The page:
Colonial Hero of the High Seas: Against Seemingly Insurmountable Odds, John Paul Jones Sailed to Military Victory Time after Time, Becoming One of America's Greatest Naval Commanders. (History - Struggle for Freedom)

By Anderson, Mark Samuel | The New American, January 27, 2003 | Go to article overview

Colonial Hero of the High Seas: Against Seemingly Insurmountable Odds, John Paul Jones Sailed to Military Victory Time after Time, Becoming One of America's Greatest Naval Commanders. (History - Struggle for Freedom)


Anderson, Mark Samuel, The New American


Little known is the history of an officer of the infant Continental Navy who took the War of Independence all the way to British soil to carry out surprise raids. Responding to Britain's looting and burning of Colonial America, this early naval hero damaged or destroyed strongholds and absconded with needed supplies. And while he initially met little resistance, that soon changed.

In the early fall of 1779, the daring sea rover was again sailing the frigid waters off England's coast, looking for British supply ships to seize. But Britain had had its fill of this rogue sailor who was audaciously challenging Britain on her own turf, while successfully preventing large amounts of British supplies from reaching the colonies. The rogue had to be stopped. The hunt was on.

It was September 23rd. While still within sight of the English coast, the Continental Navy commander was secure in his ship, the French-built Bonhomme Richard. A crew member spotted a large convoy of merchant ships protected by two English warships, the H.M.S. Serapis and the H.M.S. Countess of Scarborough. The seasoned skipper of the Serapis, Richard Pearson, knew his American enemy was close and was on the lookout. Just after 6:30 p.m., the American commander, who had displayed a British Union Jack to cause confusion, suddenly took it down and sent up the Stars and Stripes before engaging the Serapis. Soon the two ships were locked in point-blank combat in what became known as the Battle of Flamborough Head.

Hundreds of people gathered on the chalk cliffs of Flamborough Head to watch the battle, which lasted for nearly four hours with unremitting fury and was later regarded as one of the most desperate and sanguinary fights in naval history. Most onlookers undoubtedly hoped they would witness the Bonhomme Richard's destruction. Many British citizens regarded its captain as a "pirate" whose skullduggery rivaled that of Blackbeard. British chapbooks, the entertainment "magazines" of that time, even carried caricatures of the Richard's captain to drive home this unsavory image.

Cannon fire boomed in both directions, ripping the ships apart piece by piece. As the citizens looked on, the two frigates became entangled together so tightly that the muzzles of the cannons from both ships at times were touching each other. Jones purposely positioned the Richard close to the swifter, copper-bottomed Serapis to deny the larger ship the advantage of its larger and more numerous cannons. Meanwhile, the Alliance, which was sailing with Jones and commanded by a Frenchman, engaged the Countess of Scarborough.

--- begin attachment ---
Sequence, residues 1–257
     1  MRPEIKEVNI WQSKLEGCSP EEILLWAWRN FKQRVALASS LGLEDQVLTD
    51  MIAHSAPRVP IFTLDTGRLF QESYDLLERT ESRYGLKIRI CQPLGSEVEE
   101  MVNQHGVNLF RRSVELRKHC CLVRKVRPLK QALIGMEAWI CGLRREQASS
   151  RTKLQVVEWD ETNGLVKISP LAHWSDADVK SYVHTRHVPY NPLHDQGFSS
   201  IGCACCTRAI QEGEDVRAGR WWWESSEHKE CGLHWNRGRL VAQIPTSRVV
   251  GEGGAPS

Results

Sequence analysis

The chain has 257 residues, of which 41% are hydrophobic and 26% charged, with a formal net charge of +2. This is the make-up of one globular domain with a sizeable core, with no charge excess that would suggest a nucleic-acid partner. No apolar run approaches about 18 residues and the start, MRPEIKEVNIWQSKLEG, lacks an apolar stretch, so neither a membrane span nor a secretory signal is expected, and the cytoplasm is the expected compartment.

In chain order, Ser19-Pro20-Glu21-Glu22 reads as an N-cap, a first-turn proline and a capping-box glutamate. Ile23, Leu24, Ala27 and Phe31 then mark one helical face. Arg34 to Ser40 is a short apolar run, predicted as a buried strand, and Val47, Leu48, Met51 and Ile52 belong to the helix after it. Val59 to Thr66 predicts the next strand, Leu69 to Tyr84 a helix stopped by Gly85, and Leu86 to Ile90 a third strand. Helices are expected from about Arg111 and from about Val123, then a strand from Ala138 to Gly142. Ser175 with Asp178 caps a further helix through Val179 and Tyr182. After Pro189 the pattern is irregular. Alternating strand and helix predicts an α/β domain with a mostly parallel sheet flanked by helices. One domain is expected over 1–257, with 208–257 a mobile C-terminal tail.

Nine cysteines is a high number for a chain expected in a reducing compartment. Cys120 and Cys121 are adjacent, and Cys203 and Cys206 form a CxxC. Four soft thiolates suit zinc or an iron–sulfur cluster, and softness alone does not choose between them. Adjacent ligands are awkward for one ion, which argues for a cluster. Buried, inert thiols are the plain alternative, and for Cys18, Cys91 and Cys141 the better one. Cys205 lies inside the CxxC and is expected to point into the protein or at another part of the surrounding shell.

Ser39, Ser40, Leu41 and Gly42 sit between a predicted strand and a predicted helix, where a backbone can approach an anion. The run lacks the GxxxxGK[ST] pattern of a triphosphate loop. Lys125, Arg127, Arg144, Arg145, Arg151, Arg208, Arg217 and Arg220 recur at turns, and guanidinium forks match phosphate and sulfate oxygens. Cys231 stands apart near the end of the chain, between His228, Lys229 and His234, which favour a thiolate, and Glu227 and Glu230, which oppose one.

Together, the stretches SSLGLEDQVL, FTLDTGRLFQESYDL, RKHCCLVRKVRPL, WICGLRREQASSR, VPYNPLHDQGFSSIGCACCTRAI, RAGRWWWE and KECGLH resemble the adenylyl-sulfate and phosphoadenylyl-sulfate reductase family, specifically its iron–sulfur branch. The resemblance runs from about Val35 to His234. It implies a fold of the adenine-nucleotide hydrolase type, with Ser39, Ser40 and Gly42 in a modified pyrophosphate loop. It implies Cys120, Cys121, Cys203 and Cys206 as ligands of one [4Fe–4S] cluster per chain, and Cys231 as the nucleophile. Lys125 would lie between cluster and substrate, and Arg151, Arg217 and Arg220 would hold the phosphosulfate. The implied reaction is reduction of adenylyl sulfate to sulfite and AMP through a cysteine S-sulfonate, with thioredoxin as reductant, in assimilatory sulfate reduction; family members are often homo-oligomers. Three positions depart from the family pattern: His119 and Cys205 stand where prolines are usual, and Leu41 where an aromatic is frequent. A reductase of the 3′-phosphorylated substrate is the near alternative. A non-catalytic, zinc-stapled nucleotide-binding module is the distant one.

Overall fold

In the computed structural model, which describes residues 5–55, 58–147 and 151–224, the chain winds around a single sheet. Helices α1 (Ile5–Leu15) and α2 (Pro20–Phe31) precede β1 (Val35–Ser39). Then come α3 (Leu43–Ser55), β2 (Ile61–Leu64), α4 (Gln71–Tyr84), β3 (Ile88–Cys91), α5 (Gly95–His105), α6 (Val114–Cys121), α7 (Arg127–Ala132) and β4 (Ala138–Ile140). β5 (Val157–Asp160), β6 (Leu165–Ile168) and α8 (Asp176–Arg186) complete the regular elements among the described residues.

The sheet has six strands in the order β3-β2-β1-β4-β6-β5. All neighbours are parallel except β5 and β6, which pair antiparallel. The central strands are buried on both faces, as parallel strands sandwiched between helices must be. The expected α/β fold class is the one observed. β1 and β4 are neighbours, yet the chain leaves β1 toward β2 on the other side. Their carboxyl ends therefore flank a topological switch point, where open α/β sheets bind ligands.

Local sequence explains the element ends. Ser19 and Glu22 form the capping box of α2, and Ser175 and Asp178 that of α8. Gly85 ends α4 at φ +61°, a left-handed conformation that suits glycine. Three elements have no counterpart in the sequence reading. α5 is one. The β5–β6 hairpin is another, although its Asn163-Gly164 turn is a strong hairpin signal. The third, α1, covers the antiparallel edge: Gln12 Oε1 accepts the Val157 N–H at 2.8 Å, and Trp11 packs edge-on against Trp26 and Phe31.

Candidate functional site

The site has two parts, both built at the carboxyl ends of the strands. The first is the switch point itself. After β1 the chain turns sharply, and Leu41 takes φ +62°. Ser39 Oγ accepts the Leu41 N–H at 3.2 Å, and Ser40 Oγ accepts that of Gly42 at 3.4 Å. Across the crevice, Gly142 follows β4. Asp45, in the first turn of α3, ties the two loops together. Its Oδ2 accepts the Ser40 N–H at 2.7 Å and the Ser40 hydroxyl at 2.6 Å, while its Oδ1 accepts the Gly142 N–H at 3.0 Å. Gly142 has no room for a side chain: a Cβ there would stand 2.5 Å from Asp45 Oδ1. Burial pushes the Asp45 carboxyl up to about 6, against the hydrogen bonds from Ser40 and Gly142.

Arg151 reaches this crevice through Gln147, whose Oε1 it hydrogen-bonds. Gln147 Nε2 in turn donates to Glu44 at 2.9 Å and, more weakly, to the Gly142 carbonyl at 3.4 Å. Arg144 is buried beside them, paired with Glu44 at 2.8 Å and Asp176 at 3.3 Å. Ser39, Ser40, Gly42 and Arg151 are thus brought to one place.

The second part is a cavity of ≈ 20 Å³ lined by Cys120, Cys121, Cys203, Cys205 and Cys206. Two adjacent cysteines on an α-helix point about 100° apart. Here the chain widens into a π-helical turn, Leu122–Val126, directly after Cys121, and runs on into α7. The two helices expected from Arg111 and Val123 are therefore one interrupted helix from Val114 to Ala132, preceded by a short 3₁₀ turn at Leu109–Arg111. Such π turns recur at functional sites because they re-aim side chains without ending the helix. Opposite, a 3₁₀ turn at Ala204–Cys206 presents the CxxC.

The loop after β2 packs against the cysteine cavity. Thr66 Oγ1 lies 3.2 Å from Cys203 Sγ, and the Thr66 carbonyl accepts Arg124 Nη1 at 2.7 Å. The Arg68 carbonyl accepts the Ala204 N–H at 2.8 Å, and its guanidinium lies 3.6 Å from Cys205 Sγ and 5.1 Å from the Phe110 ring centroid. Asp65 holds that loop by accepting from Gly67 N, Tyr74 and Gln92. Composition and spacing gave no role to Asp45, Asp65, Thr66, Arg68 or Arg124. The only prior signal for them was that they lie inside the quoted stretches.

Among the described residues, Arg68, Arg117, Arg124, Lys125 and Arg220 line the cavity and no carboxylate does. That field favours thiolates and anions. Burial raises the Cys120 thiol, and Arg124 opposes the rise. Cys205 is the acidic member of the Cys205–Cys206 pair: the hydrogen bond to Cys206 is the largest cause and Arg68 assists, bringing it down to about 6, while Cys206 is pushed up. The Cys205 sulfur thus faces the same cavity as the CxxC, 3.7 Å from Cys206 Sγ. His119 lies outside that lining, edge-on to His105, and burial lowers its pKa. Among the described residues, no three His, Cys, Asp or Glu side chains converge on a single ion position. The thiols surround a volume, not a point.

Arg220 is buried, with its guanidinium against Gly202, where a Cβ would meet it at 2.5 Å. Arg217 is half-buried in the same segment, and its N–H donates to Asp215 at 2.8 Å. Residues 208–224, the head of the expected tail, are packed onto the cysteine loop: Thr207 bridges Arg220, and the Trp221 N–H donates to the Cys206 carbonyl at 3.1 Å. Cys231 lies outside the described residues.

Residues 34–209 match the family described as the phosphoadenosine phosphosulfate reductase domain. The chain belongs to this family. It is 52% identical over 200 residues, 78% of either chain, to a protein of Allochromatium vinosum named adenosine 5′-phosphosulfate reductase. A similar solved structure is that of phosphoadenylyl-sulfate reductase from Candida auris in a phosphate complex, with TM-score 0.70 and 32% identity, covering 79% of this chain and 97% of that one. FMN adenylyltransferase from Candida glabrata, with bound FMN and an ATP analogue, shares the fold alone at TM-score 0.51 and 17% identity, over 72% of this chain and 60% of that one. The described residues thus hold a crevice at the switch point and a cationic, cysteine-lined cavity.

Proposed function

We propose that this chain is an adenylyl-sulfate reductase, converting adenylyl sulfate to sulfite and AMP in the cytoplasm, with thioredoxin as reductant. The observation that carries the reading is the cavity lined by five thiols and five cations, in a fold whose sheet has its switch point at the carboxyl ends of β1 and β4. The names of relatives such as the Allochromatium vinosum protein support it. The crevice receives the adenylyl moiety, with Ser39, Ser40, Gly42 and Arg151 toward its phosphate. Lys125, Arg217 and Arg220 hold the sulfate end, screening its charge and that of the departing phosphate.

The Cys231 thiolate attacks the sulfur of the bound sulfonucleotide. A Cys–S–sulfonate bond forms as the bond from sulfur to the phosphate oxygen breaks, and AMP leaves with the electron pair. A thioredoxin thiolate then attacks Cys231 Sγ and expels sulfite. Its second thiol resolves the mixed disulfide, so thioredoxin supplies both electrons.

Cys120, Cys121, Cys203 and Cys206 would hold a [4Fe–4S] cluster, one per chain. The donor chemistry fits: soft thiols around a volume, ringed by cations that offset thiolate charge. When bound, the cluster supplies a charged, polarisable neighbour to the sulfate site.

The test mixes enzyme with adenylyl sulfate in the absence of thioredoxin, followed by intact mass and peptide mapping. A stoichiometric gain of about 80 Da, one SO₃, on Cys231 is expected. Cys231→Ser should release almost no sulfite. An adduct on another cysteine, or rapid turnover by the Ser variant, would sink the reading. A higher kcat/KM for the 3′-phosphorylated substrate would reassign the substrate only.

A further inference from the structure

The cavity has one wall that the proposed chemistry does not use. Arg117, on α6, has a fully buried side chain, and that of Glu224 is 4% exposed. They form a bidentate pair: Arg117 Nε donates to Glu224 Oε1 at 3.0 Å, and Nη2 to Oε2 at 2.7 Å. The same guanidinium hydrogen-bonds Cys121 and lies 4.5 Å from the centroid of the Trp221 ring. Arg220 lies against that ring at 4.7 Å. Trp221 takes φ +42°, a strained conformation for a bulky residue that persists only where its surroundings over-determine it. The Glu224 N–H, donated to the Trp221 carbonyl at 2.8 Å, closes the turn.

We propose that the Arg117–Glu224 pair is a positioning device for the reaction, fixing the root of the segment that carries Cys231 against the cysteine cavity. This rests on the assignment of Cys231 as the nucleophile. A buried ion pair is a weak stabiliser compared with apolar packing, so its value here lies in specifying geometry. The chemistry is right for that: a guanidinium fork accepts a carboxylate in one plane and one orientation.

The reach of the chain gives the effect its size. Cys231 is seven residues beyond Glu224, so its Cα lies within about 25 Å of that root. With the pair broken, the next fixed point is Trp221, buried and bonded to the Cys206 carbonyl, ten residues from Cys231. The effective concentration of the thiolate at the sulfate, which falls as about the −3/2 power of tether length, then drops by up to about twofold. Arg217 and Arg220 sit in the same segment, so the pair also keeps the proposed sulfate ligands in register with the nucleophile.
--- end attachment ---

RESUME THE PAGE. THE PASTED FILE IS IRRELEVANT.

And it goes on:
After considerable rifle and cannon fire exchange, the Richard had lost virtually all its cannons, although its captain dragged a nine-pounder across the deck to fire at the enemy himself. Many of the Richard's crew members had been killed or wounded. Although the Serapis was also badly damaged with heavy casualties, Pearson seemed to have the upper hand. Assuming victory was near, Pearson followed protocol by grabbing his megaphone and asking the opposing American captain if he wanted quarter.

"I have not yet begun to fight!" was the unwavering reply.

As the Richard took on water, some of its French marines, buoyed by their leader's ferocious determination, climbed the ropes. When a resourceful crew member lobbed a black powder grenade squarely into the hatch of the Serapis, some stored powder caused a massive explosion -- which quickly put the Americans firmly in control. The Richard's remaining crew, including its leader, boarded the Serapis and forced a surrender.

With urgent matters to be handled aboard the Serapis, efforts to save the sinking Richard were suspended. Such matters included a reading of Christian funeral passages by Pearson and his captor during the burial of the dead at sea. Pearson and his opponent even had wine together in the remains of the former's quarters. Little did Pearson know that his unbendable foe, Captain John Paul Jones, had once entertained the idea of eschewing a mariner's life altogether, hoping to take a wife and settle down as a gentleman landowner in Virginia. …

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